- Hardcover: 304 pages
- Publisher: Grand Central Publishing (18 September 2012)
- Language: English
- ISBN-10: 1455509124
- ISBN-13: 978-1455509126
- Product Dimensions: 14.6 x 2.9 x 21.3 cm
- Average Customer Review: 17 customer reviews
- Amazon Bestsellers Rank: #16,252 in Books (See Top 100 in Books)
So Good They Can't Ignore You Hardcover – 18 Sep 2012
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"Stop worrying about what you feel like doing (and what the world owes you) and instead, start creating something meaningful and then give it to the world. Cal really delivers with this one."
--Seth Godin, author, Linchpin
"Entrepreneurial professionals must develop a competitive advantage by building valuable skills. This book offers advice based on research and reality--not meaningless platitudes-- on how to invest in yourself in order to stand out from the crowd. An important guide to starting up a remarkable career."
--Reid Hoffman, co-founder & chairman of LinkedIn and co-author of the bestselling The Start-Up of You: Adapt to the Future, Invest in Yourself, and Transform Your Career
"Do what you love and the money will follow' sounds like great advice -- until it's time to get a job and disillusionment quickly sets in. Cal Newport ably demonstrates how the quest for 'passion' can corrode job satisfaction. If all he accomplished with this book was to turn conventional wisdom on its head, that would be interesting enough. But he goes further -- offering advice and examples that will help you bypass the disillusionment and get right to work building skills that matter."
--Daniel H. Pink, bestselling author of Drive and A Whole New Mind
"This book changed my mind. It has moved me from 'find your passion, so that you can be useful' to 'be useful so that you can find your passion.' That is a big flip, but it's more honest, and that is why I am giving each of my three young adult children a copy of this unorthodox guide."
--Kevin Kelly, Senior Maverick, WIRED magazine
"First book in years I read twice, to make sure I got it. Brilliant counter-intuitive career insights. Powerful new ideas that have already changed the way I think of my own career, and the advice I give others."
--Derek Sivers, founder, CD Baby
"Written in an optimistic and accessible tone, with clear logic and no-nonsense advice, this work is useful reading for anyone new to the job market and striving to find a path or for those who have been struggling to find meaning in their current careers."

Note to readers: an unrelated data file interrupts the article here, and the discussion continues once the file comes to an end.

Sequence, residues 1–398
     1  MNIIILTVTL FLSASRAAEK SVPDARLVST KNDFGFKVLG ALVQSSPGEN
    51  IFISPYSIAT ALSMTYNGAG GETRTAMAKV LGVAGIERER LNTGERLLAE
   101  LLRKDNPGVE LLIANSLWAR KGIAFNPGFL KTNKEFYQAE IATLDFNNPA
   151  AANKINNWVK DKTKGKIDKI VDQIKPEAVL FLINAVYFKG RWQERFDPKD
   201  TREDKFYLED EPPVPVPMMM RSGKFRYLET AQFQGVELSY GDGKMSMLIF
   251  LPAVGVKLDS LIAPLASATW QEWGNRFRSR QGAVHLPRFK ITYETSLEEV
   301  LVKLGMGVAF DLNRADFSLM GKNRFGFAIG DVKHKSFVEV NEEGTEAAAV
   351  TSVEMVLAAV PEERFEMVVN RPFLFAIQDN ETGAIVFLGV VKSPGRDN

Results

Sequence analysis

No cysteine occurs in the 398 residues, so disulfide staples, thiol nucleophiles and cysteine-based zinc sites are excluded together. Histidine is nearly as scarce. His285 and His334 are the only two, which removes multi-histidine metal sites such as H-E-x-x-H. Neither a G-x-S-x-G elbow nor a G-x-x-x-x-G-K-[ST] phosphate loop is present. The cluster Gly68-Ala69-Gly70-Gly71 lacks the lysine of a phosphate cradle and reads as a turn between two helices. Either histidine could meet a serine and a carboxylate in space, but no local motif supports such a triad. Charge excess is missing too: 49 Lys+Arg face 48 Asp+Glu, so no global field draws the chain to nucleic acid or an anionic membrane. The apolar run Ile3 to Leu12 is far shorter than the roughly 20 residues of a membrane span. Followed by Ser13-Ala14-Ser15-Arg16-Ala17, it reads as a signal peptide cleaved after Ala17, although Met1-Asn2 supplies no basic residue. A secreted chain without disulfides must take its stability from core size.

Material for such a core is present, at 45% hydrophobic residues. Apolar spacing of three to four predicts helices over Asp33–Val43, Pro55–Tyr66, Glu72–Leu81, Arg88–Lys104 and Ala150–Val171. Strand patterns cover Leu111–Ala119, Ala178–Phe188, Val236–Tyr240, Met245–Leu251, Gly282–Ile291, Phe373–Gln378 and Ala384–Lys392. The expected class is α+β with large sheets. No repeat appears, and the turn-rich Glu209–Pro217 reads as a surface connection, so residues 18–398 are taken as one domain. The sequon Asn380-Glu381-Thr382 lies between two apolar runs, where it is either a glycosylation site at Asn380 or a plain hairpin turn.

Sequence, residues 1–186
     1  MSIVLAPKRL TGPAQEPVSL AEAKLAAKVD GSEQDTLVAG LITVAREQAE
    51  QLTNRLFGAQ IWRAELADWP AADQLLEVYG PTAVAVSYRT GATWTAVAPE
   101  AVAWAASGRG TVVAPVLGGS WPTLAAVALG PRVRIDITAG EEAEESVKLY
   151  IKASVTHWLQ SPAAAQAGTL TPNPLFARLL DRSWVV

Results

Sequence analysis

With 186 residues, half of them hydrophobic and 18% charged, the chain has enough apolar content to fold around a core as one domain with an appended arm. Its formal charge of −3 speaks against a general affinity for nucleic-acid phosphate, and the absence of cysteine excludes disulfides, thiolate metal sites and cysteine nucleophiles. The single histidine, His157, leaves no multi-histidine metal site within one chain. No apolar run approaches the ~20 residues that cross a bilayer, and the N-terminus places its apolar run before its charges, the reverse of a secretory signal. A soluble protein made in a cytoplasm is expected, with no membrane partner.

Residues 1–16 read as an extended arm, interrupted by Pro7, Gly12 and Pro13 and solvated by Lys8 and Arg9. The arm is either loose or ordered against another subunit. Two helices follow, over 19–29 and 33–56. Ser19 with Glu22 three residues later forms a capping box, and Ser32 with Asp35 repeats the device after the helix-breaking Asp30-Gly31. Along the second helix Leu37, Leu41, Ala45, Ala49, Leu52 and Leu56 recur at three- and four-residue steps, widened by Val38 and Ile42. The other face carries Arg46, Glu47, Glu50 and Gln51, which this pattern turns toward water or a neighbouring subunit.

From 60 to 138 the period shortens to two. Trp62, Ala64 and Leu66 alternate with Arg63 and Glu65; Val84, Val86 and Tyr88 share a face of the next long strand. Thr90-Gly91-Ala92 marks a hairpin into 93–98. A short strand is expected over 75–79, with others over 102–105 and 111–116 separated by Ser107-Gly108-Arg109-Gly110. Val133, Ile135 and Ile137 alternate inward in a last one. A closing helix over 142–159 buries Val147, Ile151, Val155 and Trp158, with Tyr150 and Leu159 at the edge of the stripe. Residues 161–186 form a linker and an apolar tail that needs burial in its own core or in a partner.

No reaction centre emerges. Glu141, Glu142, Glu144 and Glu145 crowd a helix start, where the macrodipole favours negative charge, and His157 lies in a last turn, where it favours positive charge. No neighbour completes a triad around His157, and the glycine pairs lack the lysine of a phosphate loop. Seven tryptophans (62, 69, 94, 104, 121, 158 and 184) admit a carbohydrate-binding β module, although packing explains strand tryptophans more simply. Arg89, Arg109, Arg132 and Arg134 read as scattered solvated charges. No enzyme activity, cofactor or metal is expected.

In this extraordinary eye-opening account, Georgetown University professor Dr. Calvin Newport debunks the long-held traditonal notion that "following your passion" is good career advice.See all Product description
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Top customer reviews
- The whole focus of the book is on acquiring "rare and valuable skills".
- Read the book rather than reading the summary online.
- Cal writes clearly and puts forth his thoughts very logically.
- Good for experienced professionals as well as freshers.
- A must buy / read for young professionals.
Author debunks the popular career advice "Follow your passion" very well
I found book very practical.
The book could have been much shorter had it not gone into repeating central theme a lot of times.
I would suggest everyone to read it.
However there are several points of disagreement-
1. What if a person's skill was really suited for a certain kind of work, giving them an unfair advantage ? Then it would be worth spending time to discover that. The writer already agrees that athletes do need to know their calling and get going at a young age. But what about singers with a gifted voice? What about a career in sales, where appearance and extroversion are bound to be assets ? Would an introverted individual be better off putting the same effort in some other profession where personality did not matter as much ?
2. Next, what if perseverance were linked to the amount of commitment a person had for a particular job ? A people person may not like code, and a programmer may not like a lot of seemingly boring administrative meetings . Forcing them to excel over years will lead to some success, but would the same effort yielded more gains somewhere else ?
3. Third, at one point Cal talks of doing only things which will have monetary value in the market. This is a sad reflection of what consumerism has done to us. Van Gogh did not sell a single painting in his life ( outside of 1 to family). Viktor Frankyl writes in his introduction to "Man's search for meaning" that he never wrote that book for money, but of all his books, this was the most successful.
The author assumes perseverance and passion seeking are two extreme alternative choices. A person could have made a calculated decision to follow their passion AND also agree to put in all the effort possible.
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Most recent customer reviews
Anyone who is considering entrepreneurship as their way of life, I suggest you read this book before taking...Read more
I liked that there were real life examples to drive home the authors views
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